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The definition of workplace security has expanded greatly in today’s digital age. Companies must not only consider employee, customer, and financial safety from external forces – fires, natural disasters, chemical spills and contamination, civil disturbances, terrorism – but also from internal forces – workplace violence, employee theft, intellectual property theft, and data theft.

There are many security risks that could happen within the walls of your office and systems. Your priority must be to provide a safe and secure work environment for your employees and visitors. By law, that means your company must provide an environment free of health and safety hazards, as well as psychological hazards.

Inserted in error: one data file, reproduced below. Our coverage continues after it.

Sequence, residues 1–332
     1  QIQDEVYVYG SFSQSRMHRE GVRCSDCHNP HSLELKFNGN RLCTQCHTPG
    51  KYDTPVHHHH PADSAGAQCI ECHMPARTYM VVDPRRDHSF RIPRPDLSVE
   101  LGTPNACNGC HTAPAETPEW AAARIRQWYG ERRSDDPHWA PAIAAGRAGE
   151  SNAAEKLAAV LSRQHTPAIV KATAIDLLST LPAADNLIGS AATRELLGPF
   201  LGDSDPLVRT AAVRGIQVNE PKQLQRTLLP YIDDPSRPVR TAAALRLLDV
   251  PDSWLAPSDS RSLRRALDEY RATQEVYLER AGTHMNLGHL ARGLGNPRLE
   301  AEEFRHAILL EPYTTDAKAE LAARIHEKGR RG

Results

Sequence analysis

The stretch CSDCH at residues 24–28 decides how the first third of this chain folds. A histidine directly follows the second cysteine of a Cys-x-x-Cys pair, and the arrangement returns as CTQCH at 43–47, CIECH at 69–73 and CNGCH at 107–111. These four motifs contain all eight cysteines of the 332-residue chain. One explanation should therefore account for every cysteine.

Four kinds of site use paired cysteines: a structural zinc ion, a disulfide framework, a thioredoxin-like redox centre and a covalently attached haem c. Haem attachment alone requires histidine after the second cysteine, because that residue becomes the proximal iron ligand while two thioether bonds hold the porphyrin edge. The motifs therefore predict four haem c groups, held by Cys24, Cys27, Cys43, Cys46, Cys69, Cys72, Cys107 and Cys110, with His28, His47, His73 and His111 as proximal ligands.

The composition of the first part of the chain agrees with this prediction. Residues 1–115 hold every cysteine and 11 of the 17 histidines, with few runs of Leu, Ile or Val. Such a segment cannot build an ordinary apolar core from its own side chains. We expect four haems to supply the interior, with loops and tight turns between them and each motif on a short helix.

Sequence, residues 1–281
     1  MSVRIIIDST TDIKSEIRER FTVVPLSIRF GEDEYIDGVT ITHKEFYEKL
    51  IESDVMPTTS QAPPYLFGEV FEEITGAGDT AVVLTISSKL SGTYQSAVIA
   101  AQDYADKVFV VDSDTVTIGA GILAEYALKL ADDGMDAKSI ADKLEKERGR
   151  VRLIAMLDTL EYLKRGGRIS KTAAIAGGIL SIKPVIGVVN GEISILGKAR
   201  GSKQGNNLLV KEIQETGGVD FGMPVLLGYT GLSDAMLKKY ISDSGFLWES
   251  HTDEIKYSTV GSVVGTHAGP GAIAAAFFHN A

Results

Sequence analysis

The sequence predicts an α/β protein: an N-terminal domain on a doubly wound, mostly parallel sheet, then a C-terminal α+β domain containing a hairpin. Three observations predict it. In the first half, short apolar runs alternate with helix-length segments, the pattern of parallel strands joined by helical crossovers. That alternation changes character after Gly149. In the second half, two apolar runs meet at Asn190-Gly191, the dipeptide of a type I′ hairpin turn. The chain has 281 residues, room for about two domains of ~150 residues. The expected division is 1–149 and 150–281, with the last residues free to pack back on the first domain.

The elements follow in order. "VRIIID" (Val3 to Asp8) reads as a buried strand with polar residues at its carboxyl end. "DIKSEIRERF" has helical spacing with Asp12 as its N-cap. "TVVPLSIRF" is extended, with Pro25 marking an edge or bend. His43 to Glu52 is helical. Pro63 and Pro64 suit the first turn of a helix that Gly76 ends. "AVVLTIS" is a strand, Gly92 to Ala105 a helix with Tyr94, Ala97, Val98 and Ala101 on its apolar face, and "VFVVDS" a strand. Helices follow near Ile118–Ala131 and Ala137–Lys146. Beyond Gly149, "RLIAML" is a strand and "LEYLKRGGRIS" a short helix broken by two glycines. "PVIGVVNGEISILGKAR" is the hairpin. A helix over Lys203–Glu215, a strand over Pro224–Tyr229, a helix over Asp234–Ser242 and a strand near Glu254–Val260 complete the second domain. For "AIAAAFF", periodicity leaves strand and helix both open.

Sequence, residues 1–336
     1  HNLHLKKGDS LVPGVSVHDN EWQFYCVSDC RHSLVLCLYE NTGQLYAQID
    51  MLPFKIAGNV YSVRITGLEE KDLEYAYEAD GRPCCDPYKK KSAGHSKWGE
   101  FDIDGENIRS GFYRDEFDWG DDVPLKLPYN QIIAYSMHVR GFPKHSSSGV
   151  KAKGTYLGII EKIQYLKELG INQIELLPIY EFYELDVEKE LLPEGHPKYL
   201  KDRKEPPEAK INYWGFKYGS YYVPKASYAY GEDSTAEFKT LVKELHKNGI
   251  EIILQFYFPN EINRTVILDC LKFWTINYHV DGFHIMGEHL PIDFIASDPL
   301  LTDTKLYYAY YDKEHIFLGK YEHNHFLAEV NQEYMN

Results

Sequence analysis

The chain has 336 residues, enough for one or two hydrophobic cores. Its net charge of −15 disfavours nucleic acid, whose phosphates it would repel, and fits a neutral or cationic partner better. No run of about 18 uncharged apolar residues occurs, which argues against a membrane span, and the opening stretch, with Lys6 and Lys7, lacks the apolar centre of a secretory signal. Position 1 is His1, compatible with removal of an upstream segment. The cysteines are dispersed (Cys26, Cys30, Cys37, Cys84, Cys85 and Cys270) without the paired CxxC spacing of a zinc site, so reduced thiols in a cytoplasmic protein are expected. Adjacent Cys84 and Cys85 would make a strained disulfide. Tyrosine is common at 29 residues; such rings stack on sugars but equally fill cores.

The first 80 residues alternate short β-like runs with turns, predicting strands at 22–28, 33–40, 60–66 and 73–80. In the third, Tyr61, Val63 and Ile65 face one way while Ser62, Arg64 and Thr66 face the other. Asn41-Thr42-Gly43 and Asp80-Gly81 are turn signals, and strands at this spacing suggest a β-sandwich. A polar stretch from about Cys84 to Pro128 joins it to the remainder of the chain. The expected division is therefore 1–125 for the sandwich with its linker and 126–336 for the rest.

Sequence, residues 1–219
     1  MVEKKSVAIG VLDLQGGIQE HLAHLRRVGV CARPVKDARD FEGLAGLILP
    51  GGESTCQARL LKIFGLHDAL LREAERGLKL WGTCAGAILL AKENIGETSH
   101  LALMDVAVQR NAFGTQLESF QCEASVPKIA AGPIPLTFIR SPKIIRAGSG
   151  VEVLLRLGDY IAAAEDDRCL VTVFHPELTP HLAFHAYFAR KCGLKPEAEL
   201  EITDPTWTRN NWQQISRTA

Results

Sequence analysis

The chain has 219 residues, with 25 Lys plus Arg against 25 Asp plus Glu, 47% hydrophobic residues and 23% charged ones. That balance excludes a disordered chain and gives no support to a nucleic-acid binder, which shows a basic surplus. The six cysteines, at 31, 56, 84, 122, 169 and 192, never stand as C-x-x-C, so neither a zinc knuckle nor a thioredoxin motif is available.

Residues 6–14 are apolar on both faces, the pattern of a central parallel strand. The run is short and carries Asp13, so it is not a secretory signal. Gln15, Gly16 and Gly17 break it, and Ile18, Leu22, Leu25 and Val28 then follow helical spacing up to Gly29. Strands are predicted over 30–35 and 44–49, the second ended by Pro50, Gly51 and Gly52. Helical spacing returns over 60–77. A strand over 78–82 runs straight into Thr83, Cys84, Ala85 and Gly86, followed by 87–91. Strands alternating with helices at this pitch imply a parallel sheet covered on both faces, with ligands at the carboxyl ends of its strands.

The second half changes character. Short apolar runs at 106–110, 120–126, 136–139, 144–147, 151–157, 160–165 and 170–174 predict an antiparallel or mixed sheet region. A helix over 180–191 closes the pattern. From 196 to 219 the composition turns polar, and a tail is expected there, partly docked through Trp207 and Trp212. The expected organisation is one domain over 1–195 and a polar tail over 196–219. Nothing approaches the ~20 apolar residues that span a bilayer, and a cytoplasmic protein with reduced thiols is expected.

GDPR

First things first. Here are the most important facts on GDPR

The European Union General Data Protection Regulation (GDPR) is a set of rules about how companies should process the personal data of data subjects. GDPR lays out responsibilities for organisations to ensure the privacy and protection of personal data, provides data subjects with certain rights, and assigns powers to regulators to ask for demonstrations of accountability or even impose fines in cases where an organisation is not complying with GDPR requirements.